These are what we call the 'YMMV items.' Things that some people find in this work. We call them 'your mileage might vary' because not everyone sees these things in the same way. This starts discussions in the trope lists, a thing we don't want. Please use the discussion page if you'd like to discuss any of these items.
The fact that all of the space shots are recycled from the old Battlestar Galactica is pretty funny to begin with, but it all got even funnier — or at least, that bit more ironic — when the final season of Battlestar Galactica (Reimagined) had a major arc involving, yes, a mutiny in space aboard Galactica, which was also spearheaded by a power-hungry Machiavellian type and a trusted member of the crew who walks with a pronounced limp. Plus, the Captain bears an uncanny resemblance to the Galactica 1980 version of Adama.
All the jokes about how the inside of the ship looks like a brewery are even funnier in light of the 2009 Star Trek film, in which the engineering section of the Enterprise really is a Budweiser brewery.
Ikea Erotica: The sex scene between Dave & Lea can be seen as a visual representation of this. It doesn't really show anything and is rather boring (though a brief glimpse of Grandma-Daughter nipple was cut from the MST3K version).
Crow: Uh, could you wrap it up, Chunky? There's a tour coming through!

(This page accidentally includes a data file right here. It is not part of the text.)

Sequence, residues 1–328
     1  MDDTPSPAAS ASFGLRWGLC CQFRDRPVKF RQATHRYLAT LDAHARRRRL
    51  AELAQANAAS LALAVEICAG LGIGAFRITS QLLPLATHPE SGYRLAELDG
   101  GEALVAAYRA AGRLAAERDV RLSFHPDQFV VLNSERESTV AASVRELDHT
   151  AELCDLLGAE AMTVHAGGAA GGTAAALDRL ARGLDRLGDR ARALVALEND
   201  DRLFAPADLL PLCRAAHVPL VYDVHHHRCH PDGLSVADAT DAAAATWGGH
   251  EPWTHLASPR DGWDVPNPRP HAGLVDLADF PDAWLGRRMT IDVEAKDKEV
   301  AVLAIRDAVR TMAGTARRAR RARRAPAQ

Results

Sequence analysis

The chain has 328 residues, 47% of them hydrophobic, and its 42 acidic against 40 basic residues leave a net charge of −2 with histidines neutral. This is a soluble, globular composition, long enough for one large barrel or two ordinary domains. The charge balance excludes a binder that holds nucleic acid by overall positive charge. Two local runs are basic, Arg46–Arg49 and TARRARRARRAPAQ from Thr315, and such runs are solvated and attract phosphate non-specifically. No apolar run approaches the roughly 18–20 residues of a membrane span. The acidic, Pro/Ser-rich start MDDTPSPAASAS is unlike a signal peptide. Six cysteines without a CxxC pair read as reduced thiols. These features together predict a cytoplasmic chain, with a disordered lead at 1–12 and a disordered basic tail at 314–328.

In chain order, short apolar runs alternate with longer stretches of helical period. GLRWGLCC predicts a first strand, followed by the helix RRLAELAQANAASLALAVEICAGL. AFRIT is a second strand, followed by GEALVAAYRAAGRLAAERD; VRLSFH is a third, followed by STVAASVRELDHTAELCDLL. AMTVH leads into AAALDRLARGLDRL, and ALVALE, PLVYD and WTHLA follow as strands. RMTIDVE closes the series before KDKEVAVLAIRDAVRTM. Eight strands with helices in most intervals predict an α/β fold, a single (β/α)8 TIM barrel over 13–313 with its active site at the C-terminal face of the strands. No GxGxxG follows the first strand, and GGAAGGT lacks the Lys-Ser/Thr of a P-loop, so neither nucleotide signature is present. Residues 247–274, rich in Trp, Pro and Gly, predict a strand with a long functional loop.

Mis-blamed: David Winters is credited as the Director despite the fact that Neal Sundstrom really directed most of the film and a third, uncredited director was responsible for the stuff with the Bellerians.
All over the place, but one moment where Ryder screams before jumping out of the speeder stands out.
The scene where Engineer Parsons gets killed was no doubt intended to show a principled officer meeting a savage end at the hands of the mutineers. In practice, it comes across more like a bunch of school bullies beating up a whiny kid for his lunch money.
Strawman Has a Point: The movie tries to present the mutineers as evil, but look at it from their perspective. They didn't choose to spend their entire life on a ship - that decision was made for them. Space is clearly inhabited beyond the Southern Sun, so why aren't people who want to leave allowed to just leave? It's not hard to see the mutineers as simply trying to escape the flying jail they were unlucky enough to be born in, even if they are going about it in a bad way. It's not helped that the argument against them is melodramatic and poorly stated at best, or non-existent at worst. The best the movie can muster is that the mutineers are wrong because their plans go against some nebulous, ill-defined "law of the universe."
They Just Didn't Care: Continuity errors all over the place, most glaring in one instance where a supporting character who was just murdered appears as an extra in the very next scene.